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Help Pilates Students with Flat Thoracic Spines

How to Improve Hypokyphosis (Flat Back Posture) With Pilates

adaptations Dec 24, 2019

We usually picture the upper back as rounding backward, right? But if Pilates has taught us anything it's that each person is different. Maybe you've noticed that some of your students have flat thoracic spines. As you watch them move, perhaps you've noticed that the upper back also seems to be stiff and restricted. 

What are some guidelines for teaching this body type? 

First, it's important to remember that with a stiff and flat spine, mobility is reduced. Your student might just not be able to create big movements with their spine. It doesn't necessarily mean that you're cueing incorrectly or that the student isn't understanding you. There's just simply not a lot of movement and that's okay.

If we try to force a big movement, then we potentially overuse the few segments that do move well or strain our muscles trying to go further than our bones allow us to move.

That's why it's important to keep the movements small but detailed. Just because you don't see a huge movement, doesn't mean that nothing is happening. Your student might feel her muscles shaking and working plenty. Ask your student where she's feeling the exercise and how intensely.


How To Adapt The Chest Lift For Hyphokyphosis

Let's take the Chest Lift for example. Students with stiff thoracic spines will not be able to come up very high. The thoracic spine won't flex much. It's okay to keep the head a bit lower, otherwise, you will strain the muscles around the neck.

Is this contradictory to how you learned the correct form for the Chest Lift? You bet it is. Generally, it's better to lift the head, neck, and shoulders as high as possible in the Chest Cift, because the higher you curl up, the more vertical your cervical spine will be, which puts less strain on your neck muscles. 

BUT - if coming up high is not an option - not due to weak muscles, but due to a limitation of your bones - then we have to accept that and go with it.

It's best to be content with just a few repetitions and focus on not using the neck at all. Keep all the work in the abdominals and thoracic spine. Even though it may not look like your student is moving much, she still might be feeling a lot!

We can't expect to make huge miraculous leaps of progress regarding mobility. Instead, we shoot for little bits of progress at a time and celebrate those successes along the way.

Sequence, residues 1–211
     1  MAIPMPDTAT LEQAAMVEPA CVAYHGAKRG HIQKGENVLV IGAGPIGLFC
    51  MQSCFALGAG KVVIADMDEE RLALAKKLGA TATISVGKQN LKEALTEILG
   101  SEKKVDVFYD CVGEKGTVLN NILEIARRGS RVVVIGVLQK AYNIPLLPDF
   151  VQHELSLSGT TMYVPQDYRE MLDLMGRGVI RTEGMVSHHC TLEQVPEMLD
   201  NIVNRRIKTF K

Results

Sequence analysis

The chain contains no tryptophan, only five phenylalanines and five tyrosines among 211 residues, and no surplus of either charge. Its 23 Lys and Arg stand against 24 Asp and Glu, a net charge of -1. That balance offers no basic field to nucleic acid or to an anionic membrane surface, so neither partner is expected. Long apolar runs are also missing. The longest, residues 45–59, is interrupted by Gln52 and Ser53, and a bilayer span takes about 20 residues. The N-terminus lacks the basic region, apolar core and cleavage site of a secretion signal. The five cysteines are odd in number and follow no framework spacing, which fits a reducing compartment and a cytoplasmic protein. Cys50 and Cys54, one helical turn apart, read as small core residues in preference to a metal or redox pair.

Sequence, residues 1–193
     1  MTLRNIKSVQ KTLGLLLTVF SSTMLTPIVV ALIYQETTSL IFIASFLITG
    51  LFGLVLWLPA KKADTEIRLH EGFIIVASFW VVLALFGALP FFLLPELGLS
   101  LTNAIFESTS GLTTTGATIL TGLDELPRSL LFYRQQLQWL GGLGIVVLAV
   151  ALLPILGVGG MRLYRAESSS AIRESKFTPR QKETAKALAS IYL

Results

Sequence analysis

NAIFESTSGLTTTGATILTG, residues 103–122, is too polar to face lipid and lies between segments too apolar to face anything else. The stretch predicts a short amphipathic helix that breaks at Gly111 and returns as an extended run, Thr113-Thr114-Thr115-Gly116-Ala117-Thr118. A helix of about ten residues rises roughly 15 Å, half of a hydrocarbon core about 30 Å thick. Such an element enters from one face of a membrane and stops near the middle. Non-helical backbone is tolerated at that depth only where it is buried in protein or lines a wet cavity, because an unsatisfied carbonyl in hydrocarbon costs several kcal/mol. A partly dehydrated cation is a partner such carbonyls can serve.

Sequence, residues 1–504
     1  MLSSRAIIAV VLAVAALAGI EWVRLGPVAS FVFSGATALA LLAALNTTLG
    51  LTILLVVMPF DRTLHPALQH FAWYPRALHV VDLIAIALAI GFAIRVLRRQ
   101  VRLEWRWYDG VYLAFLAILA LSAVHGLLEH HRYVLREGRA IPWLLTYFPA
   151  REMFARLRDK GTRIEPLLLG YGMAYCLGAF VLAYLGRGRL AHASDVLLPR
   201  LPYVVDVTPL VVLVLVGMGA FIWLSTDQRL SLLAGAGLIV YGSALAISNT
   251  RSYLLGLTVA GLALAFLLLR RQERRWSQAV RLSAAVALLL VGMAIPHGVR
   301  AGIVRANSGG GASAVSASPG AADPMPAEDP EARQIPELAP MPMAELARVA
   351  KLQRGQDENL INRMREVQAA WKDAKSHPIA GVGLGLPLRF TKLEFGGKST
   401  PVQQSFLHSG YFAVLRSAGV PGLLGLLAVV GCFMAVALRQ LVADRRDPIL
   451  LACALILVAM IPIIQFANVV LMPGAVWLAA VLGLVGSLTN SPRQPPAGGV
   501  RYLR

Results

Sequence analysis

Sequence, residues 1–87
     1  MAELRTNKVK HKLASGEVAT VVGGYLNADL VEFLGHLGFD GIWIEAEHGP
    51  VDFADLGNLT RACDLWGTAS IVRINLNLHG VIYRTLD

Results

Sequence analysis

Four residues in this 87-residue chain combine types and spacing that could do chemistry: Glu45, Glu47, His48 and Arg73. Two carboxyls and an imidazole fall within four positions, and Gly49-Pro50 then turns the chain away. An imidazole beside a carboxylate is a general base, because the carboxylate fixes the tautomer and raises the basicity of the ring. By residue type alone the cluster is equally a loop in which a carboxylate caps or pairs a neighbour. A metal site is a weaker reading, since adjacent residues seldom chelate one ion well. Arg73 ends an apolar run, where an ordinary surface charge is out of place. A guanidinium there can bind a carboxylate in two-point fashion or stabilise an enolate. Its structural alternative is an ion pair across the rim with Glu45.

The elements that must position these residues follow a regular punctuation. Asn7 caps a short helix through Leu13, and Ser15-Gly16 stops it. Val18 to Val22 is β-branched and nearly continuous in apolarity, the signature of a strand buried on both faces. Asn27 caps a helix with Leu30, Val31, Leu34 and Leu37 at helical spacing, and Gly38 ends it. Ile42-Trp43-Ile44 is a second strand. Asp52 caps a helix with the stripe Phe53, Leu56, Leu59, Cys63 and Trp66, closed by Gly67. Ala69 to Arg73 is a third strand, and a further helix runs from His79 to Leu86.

Tips For Using The Breath To Improve Hypophyphosis

In Hypokyphosis (a flat spine that has lost its curves) the sagittal diameter between the sternum and apex of the thoracic curve is narrower. 


More About This Topic: 
How To Improve Kyphosis With Pilates (It May Surprise You!)


Lateral breathing - like many of us practice in Pilates - causes the sternum and spine to move closer together. I have religiously been practicing lateral breathing for the past 20 years since I first started my Pilates practice. I’m really good at this. 😁 Over time, my ribs stretched wider and wider and pulled my thoracic spine closer to my sternum.

Turns out that this might have been one of the contributing factors for my now flattened thoracic spine. #toomuchofagoodthing

I don't think it was the only reason. My hypermobile lumbar spine might have caused the thoracic spine to create extra stiffness to make up for the instability of the lumbar spine.

I will now try to focus my breathing on expanding the anterior-posterior diameter of my rib cage. I’ll keep you in the loop about my progress.


Related: Pilates Exercises and Cues To Improve Breathing


More Tips For Improving Hypokyphosis

  • To make spine flexion easier in spine flexion exercises, consider using the C-Shaper.   
  • Choose a spine corrector with a flatter curve, like the Pilates Arc by Balanced Body over a steep curve, like the Clara Step Barrel.
  • When watching your client, focus on muscle activity, not a large movement.


Inside the Pilates Encyclopedia member library, we have a whole chapter called “Pilates Protocols” in which we list appropriate exercises for all major postural types, such as Kyphosis, Flat Back Posture and more. Learn more...


I'd love to hear from you: Do you have or work with someone with Hypokyphosis? What exercises, cues, or tips worked for you? Shoot me an email.


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